Thus the Supreme Court[7]refrained from framing any specific questions for consideration and the case was referred to the Constitution Bench for going into all the aspects of the matter and to lay down exhaustive guidelines in that regard.

Hence, a five judges Constitutional Bench[8]was formed and it found necessary to protect the right of the citizens as enshrined under Article 21 of the Indian Constitution. Thus, it was considered that the Advance Medical Directive would serve as a fruitful means to facilitate the fructification of the sacrosanct right to life with dignity. The Constitutional Bench viewed that said directive would dispel many a doubt at the relevant time of need during the course of treatment of the patient. It will strengthen the mind of the treating doctors, as they will be in a position to ensure that they are acting in a lawful manner. There has to be safeguards for Advance Medical Directive, as it cannot operate in abstraction. The Constitutional Bench[9]framed the following guidelines[10]:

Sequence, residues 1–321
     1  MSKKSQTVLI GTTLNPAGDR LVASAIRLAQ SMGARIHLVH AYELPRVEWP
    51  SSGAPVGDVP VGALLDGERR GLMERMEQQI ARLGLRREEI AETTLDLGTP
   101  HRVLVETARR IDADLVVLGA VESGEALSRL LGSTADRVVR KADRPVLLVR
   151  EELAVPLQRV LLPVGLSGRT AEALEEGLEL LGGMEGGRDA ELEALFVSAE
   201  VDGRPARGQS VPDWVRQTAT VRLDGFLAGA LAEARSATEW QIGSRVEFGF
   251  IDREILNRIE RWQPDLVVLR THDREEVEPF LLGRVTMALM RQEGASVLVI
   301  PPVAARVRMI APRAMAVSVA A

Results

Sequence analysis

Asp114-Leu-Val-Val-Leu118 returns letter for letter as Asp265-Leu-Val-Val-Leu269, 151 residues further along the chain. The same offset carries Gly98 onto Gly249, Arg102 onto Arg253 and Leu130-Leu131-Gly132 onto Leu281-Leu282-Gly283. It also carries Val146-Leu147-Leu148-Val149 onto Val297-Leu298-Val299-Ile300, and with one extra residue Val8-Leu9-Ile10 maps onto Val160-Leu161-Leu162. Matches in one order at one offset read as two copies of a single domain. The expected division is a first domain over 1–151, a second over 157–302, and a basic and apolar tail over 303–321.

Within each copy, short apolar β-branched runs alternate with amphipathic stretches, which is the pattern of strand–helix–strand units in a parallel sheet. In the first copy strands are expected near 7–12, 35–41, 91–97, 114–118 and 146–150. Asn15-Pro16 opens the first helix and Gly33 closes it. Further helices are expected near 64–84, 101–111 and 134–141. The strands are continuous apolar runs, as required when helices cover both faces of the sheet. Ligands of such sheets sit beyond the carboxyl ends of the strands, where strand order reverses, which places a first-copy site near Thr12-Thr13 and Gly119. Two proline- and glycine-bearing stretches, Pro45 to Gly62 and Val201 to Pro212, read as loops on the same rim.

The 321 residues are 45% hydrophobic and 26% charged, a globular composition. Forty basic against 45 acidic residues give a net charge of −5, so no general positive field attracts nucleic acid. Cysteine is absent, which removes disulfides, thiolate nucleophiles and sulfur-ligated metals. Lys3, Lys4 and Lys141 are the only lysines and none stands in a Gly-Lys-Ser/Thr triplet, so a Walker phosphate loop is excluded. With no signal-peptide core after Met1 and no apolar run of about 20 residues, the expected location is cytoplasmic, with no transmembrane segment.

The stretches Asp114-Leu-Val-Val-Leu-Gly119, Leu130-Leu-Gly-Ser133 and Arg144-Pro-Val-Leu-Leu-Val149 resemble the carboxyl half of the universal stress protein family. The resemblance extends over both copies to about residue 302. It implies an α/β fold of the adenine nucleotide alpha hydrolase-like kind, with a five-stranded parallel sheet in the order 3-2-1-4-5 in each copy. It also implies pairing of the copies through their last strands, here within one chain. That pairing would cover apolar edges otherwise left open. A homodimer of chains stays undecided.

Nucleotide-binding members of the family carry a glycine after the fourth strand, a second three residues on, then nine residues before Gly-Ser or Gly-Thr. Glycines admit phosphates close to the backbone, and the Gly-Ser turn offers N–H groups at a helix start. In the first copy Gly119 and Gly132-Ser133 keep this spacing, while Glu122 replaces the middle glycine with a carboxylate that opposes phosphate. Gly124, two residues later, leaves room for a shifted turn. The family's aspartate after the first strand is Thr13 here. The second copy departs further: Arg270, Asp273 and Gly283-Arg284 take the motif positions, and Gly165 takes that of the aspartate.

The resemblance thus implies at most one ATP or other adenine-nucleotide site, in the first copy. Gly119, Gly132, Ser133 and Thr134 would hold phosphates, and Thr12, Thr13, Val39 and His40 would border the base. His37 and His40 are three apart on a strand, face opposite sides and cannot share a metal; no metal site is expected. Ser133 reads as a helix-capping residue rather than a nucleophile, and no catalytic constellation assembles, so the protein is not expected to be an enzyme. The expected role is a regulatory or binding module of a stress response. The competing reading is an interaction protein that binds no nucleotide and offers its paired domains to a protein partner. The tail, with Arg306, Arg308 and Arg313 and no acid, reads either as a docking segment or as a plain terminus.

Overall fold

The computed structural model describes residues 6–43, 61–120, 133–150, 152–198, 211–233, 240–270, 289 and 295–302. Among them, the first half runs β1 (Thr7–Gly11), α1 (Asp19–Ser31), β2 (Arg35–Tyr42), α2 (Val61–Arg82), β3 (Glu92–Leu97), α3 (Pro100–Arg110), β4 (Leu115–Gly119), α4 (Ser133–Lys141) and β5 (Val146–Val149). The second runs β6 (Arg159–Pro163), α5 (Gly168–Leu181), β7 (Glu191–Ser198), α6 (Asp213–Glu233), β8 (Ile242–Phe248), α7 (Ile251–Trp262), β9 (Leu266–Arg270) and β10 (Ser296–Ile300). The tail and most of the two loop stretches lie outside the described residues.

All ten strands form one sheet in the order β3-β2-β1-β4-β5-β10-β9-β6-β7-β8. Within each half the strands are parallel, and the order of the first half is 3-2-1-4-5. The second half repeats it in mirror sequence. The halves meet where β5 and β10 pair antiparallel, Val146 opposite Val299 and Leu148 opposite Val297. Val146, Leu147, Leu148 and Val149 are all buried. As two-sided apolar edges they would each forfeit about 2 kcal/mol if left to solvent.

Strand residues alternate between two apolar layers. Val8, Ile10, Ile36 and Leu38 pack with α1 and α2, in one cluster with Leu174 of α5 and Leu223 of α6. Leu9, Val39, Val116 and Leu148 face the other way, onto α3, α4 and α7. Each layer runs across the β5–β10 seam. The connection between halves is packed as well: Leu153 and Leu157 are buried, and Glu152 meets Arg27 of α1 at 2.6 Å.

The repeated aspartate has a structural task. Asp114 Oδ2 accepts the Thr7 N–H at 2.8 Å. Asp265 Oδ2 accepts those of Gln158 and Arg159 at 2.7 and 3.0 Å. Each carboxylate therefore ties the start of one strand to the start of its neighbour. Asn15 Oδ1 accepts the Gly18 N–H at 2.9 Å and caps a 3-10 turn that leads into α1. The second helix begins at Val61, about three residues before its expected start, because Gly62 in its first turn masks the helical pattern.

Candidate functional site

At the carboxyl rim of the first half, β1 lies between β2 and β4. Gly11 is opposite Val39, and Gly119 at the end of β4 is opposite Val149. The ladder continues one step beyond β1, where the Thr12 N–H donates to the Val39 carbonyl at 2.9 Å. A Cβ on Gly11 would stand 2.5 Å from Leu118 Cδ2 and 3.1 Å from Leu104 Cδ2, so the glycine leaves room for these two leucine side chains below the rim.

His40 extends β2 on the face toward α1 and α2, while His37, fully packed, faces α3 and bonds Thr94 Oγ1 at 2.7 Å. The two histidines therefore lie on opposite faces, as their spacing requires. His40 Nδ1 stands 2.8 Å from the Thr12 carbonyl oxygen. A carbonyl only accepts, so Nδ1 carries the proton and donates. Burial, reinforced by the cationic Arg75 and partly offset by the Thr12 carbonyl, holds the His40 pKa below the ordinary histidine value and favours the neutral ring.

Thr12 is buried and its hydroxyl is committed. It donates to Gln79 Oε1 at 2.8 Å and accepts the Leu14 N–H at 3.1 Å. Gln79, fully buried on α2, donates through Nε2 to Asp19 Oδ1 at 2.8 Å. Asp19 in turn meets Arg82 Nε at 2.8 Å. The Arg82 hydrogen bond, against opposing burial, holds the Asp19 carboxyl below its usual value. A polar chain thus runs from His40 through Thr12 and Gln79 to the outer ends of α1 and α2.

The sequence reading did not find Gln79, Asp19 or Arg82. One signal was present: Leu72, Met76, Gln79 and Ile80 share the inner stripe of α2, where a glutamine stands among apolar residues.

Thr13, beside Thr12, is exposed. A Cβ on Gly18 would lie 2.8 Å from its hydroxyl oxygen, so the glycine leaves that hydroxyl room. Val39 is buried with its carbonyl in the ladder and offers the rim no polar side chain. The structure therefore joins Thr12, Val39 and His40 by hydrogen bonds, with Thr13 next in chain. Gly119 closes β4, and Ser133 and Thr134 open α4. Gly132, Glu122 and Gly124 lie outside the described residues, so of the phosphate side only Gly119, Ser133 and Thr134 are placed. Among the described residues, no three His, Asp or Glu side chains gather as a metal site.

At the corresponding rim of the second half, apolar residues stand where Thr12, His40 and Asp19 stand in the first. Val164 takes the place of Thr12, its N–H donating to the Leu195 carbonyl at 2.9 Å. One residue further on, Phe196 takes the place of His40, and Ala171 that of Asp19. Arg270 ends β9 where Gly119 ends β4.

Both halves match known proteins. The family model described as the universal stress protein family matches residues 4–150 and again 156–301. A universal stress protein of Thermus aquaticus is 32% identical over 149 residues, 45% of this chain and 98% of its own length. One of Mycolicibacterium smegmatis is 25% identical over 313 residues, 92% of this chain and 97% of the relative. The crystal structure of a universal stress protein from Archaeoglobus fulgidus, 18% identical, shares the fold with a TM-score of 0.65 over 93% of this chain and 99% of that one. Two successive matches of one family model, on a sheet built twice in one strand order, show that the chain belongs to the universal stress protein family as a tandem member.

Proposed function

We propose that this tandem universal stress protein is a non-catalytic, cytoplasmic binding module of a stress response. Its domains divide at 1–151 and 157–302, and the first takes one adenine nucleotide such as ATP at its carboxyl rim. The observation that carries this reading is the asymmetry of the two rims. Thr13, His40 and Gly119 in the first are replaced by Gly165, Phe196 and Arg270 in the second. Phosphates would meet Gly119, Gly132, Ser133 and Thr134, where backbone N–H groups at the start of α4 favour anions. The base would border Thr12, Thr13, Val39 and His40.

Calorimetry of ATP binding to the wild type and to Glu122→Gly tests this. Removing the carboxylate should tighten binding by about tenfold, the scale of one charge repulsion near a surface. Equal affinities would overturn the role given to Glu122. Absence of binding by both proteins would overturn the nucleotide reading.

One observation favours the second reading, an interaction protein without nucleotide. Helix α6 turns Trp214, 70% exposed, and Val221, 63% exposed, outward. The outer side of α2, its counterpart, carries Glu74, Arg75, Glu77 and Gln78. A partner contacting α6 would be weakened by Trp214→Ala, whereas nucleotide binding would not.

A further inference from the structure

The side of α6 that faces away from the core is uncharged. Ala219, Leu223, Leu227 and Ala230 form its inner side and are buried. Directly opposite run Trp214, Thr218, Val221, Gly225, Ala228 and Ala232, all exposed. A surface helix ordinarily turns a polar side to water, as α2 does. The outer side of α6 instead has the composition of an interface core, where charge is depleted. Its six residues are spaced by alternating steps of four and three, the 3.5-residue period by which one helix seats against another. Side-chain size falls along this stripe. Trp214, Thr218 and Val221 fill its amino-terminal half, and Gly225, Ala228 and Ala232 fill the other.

Who can execute the Advance Directive and how?

  • (i) It can be executed only by an adult who is of a sound and healthy state of mind and in a position to communicate, relate and comprehend the purpose and consequences of executing the document.
  • (ii) It must be voluntarily executed and without any coercion or inducement or compulsion and after having full knowledge or information.
  • (iii) It should have characteristics of an informed consent given without any undue influence or constraint.
  • (iv) It shall be in writing clearly stating as to when medical treatment may be withdrawn or no specific medical treatment shall be given which will only have the effect of delaying the process of death that may otherwise cause him/her pain, anguish and suffering and further put him/her in a state of indignity.